“When the danger-recognition response finally came, it was too late,” Dr. South says. “I think what we’re seeing suggests that many people with autism can’t easily discriminate when to feel safe. In that situation – when we don’t know if a situation is safe or not – our natural default is for fear. That’s just instinct to help keep us alive.”

Implications for treatment
The findings suggest possible approaches for tailoring anxiety interventions for those with autism. “If people with autism don’t rapidly process when it’s okay to feel safe, perhaps we should be looking at how to help them better understand their environment,” Dr. South proposes.

By way of example, Dr. South explains how, as a psychologist he often finds himself helping patients with autism recognize that a given situation makes them anxious. This may start with helping them recognize the physical cues that he or she is upset (racing heart, sweaty palms, etc.). Next, the person may need help recognizing what it is about the situation that is triggering the anxiety. It might be a background noise that others don’t notice. Or perhaps a blinking light in the corner.

“Once we help them identify what’s startling them, then we can help them learn that they don’t need to be afraid of it,” he explains. “It may be that those with autism need more external help processing their internal reactions to their environment.”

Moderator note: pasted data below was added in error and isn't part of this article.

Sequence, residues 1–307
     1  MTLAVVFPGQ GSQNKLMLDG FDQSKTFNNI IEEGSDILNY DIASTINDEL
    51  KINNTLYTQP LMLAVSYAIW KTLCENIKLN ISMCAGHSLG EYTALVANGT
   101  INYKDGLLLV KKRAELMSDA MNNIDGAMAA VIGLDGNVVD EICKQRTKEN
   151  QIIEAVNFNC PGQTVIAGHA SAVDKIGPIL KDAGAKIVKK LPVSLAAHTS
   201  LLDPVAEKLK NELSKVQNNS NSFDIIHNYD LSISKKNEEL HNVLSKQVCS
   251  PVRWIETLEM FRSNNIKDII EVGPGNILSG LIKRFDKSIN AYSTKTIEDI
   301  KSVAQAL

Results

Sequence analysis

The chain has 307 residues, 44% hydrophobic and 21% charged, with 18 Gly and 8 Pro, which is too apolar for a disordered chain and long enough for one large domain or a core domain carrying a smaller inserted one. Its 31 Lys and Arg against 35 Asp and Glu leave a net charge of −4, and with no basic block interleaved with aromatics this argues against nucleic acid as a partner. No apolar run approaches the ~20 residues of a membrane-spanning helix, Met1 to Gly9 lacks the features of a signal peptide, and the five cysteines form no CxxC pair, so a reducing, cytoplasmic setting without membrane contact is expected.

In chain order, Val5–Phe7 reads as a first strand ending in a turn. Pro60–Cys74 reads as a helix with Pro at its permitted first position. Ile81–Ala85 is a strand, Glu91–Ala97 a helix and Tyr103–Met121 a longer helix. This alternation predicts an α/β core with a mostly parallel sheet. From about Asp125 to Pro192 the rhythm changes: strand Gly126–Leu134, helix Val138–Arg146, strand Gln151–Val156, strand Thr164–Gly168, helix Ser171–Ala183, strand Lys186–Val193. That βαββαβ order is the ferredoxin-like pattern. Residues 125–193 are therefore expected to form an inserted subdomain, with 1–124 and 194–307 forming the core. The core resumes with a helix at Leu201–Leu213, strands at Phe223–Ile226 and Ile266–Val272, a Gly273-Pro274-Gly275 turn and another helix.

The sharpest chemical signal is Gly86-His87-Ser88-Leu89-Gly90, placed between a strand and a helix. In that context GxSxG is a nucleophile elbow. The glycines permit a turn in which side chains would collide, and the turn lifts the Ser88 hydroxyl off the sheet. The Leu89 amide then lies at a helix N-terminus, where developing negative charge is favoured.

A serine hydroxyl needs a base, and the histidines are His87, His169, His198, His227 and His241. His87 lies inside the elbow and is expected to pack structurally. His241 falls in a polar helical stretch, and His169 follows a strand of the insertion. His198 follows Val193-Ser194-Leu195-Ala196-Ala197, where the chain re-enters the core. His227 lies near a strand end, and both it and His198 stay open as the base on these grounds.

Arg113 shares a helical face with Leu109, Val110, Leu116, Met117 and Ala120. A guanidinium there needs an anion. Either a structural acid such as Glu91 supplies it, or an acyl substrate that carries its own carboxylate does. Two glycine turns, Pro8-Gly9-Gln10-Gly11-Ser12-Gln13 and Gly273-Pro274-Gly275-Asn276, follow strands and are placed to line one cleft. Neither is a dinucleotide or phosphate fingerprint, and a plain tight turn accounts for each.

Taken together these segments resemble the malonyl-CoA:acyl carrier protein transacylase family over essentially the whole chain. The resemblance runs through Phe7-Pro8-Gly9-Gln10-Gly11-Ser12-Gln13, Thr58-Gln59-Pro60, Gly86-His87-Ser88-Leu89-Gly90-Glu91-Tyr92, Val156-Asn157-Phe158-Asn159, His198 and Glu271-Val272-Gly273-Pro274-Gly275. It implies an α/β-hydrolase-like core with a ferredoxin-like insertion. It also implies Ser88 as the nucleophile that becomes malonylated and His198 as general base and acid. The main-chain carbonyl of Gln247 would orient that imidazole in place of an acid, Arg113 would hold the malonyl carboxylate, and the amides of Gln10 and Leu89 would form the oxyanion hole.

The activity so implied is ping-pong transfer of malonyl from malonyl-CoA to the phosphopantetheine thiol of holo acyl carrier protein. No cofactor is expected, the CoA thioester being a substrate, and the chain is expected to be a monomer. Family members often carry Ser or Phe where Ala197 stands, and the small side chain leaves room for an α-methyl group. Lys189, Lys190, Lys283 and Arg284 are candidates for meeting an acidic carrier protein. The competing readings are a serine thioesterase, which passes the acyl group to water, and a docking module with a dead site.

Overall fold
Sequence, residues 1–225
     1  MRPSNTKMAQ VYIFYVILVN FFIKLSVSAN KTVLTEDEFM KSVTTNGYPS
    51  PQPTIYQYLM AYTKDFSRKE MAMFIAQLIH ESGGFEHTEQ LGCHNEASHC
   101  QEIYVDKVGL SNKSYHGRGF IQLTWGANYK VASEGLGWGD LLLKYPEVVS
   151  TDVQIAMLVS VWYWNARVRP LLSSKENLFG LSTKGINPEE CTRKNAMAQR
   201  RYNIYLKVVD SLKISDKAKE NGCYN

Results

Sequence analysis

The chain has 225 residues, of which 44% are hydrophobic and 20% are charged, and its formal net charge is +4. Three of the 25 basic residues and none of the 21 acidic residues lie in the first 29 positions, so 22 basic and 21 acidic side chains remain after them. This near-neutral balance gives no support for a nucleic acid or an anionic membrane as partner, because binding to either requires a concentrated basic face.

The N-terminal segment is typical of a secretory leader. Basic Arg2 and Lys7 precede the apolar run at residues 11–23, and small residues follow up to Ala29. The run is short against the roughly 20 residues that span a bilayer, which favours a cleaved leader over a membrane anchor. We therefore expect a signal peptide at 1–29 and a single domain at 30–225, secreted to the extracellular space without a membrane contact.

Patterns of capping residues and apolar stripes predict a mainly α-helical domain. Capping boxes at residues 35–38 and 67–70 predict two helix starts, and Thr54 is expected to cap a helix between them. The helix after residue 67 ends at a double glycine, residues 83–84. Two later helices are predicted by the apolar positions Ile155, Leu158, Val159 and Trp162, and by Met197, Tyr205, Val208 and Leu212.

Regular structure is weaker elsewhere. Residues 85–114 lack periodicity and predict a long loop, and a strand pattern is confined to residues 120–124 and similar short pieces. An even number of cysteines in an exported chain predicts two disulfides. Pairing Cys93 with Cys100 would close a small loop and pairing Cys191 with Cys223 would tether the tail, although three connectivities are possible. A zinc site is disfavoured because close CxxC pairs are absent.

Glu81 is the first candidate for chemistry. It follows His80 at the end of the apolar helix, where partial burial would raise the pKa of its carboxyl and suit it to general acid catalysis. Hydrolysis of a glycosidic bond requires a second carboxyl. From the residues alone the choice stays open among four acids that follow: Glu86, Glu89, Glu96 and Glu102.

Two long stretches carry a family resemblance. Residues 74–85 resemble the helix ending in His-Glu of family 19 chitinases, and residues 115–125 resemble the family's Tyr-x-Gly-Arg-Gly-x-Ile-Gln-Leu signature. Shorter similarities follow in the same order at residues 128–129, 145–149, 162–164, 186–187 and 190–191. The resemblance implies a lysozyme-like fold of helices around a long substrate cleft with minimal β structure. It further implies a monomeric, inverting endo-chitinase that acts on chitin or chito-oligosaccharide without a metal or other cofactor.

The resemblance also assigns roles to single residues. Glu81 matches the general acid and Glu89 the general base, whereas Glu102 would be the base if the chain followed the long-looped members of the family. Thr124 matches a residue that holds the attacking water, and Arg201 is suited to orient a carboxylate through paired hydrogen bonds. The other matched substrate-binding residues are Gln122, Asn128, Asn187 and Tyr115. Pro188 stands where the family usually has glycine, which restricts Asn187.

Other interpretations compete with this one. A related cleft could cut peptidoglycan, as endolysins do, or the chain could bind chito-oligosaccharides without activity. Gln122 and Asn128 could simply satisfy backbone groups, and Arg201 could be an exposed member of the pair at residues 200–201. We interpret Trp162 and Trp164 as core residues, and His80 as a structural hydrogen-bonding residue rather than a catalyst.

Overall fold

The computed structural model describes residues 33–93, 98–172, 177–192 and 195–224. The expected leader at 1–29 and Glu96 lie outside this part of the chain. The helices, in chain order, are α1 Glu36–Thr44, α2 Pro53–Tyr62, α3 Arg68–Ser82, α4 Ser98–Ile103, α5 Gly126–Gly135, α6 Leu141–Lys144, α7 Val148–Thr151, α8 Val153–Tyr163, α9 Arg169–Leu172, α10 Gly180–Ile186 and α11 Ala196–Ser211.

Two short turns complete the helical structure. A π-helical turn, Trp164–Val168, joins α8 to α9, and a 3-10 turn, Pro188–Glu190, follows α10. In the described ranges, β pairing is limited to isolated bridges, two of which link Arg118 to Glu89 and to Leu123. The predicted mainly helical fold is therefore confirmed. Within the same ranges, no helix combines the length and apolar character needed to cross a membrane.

Neural networks for anxiety?
In their follow-up study, the Brigham Young team found weaker connections between the “fear recognition” centers of the brain (the amygdala and insula) and the frontal cortex. The frontal cortex is the area of the brain responsible for controlling emotions and making decisions.

These pathways between brain regions consist of bundles of high-speed nerve cells and form a network of communication superhighways.

“It’s the job of the frontal cortex to put the brakes on anxiety,” Dr. South explains. “It tells us, ‘hey, that’s just a garden hose and not a snake coiled in the grass.’”

Using another brain imaging method – called diffusion tensor imaging – the investigators found that these white matter pathways to the frontal cortex were, on average, half as large in the participants with autism as in those unaffected by the disorder (figure 4 at right).

“It may be that we need to pay more attention to building these pathways – beginning in early childhood – to help those with autism to better integrate sensory information from their environment,” Dr. South comments. Already many occupational therapists embrace such an approach, which they call sensory integration training, he notes.

For more on sensory integration through occupational therapy, see
Sensory Integration: Changing the Brain through Play.”

“These insights on how anxiety may arise and persist in people with autism may prove very helpful,” comments Paul Wang, Autism Speaks’ head of medical research. “It may be that we can modify existing behavioral therapies for anxiety in ways that improve their effectiveness for people on the autism spectrum.”

Read the investigators' scientific abstract, as presented at IMFAR here and here.

For more Autism Speaks news coverage from IMFAR 2015, click here.